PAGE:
That's quite an improvement on the Post version, actually!

The story by Smith goes on to take a whack at Vice President Cheney concerning his statements that the current war in Iraq represents a struggle against al Qaida.
If that isn't a non sequitur then there's no such thing.

And the Post compounds the illogic with a Dan Froomkin column blasting Cheney based on their own inept reporting.

Cheney Sticks to His Delusions

Special to
Friday, April 6, 2007; 1:20 PM

Faced with overwhelming evidence to the contrary, even President Bush has backed off his earlier inflammatory assertions about links between al-Qaeda and Saddam Hussein.

But Vice President Cheney yesterday, in an interview with right-wing talk radio host Rush Limbaugh, continued to stick to his delusional guns.

Inflammatory assertions by Bush? A pity Froomkin offers no examples.

Cheney told Limbaugh that Abu Musab al-Zarqawi was leading al-Qaeda operations in Iraq before the U.S. invasion in March 2003.

"[A]fter we went into Afghanistan and shut him down there, he went to Baghdad, took up residence there before we ever launched into Iraq; organized the al-Qaeda operations inside Iraq before we even arrived on the scene, and then, of course, led the charge for Iraq until we killed him last June. He's the guy who arranged the bombing of the Samarra Mosque that precipitated the sectarian violence between Shia and Sunni. This is al-Qaeda operating in Iraq," Cheney said. "And as I say, they were present before we invaded Iraq." (Think Progress has the audio clip.)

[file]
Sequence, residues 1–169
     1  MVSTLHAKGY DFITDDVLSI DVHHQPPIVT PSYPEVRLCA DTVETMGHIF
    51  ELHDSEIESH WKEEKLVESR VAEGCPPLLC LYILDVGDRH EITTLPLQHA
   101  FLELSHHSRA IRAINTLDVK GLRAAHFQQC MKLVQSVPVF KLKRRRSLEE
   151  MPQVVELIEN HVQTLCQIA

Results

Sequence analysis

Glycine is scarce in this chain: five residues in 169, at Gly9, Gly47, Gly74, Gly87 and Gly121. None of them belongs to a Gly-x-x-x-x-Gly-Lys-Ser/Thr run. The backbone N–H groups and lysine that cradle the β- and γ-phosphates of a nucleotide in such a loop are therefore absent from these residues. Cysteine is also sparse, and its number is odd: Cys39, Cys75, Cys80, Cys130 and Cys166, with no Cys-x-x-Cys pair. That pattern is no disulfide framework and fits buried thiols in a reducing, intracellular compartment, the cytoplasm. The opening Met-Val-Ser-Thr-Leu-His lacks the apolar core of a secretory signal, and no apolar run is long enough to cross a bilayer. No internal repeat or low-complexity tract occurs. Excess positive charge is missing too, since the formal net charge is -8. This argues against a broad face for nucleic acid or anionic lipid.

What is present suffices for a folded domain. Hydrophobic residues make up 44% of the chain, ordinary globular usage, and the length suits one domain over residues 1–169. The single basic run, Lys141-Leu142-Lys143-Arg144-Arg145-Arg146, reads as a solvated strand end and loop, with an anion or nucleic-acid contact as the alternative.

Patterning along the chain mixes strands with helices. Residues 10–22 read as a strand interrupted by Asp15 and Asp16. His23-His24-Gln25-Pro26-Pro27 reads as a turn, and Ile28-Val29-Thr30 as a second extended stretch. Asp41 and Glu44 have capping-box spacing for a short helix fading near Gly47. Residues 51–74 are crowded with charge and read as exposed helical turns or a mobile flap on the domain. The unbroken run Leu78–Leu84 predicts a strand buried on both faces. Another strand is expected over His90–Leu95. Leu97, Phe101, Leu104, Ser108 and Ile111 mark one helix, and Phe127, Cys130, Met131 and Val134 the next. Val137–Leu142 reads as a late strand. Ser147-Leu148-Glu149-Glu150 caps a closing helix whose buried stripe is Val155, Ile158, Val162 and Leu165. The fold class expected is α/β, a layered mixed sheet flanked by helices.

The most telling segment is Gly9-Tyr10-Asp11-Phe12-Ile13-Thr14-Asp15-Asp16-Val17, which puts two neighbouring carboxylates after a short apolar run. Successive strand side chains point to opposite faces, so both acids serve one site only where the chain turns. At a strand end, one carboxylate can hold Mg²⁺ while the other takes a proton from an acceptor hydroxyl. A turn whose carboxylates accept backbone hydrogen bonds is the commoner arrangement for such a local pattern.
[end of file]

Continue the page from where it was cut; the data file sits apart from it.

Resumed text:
(The Washington Post)

Same total lack of logic, here.
It's a leap worthy of Superman, albeit a leap of illogical thinking rather than a single bound over a tall Metropolis building.
Froomkin starts out by saying that links between Hussein and al Qaida have been discredited, and then mocks Cheney for not being up to speed. The smoking gun is a statement by Cheney that does not refer to any collaboration between the Iraqi government and al Qaida.

As Bugs Bunny would say: "What a maroon."

Not your finest moment, Froomkin.

Friday, April 06, 2007

Criswell predicts: Space Stations

The U.S. and Russia will, separately and jointly, during the 1970's [sic] begin to set up space stations. Progress will be slow until the late 1970's [sic] when discovery of anti-magnetism-forces will free man from the laws of gravity and make space travel without rocket propulsion possible.
--The Amazing Criswell

And he got off to such a good start on this one!

Criswell continued:
When the Earth is destroyed on August 18, 1999, these space colonists will be the only Earth-humans left in the universe.


Not a perfect match, but it is interesting to note that Moonbase Alpha got blown out of Earth orbit in September, the month after Criswell's end-of-the-world prediction.

Rays tie Yankees in NL East race

It's not quite fair that I'm writing about baseball again after completely ignoring the Tampa Bay Lightning, especially since the Lightning are making a nice push for the Southern Division crown, nipping at the heels of the Atlanta Thrashers.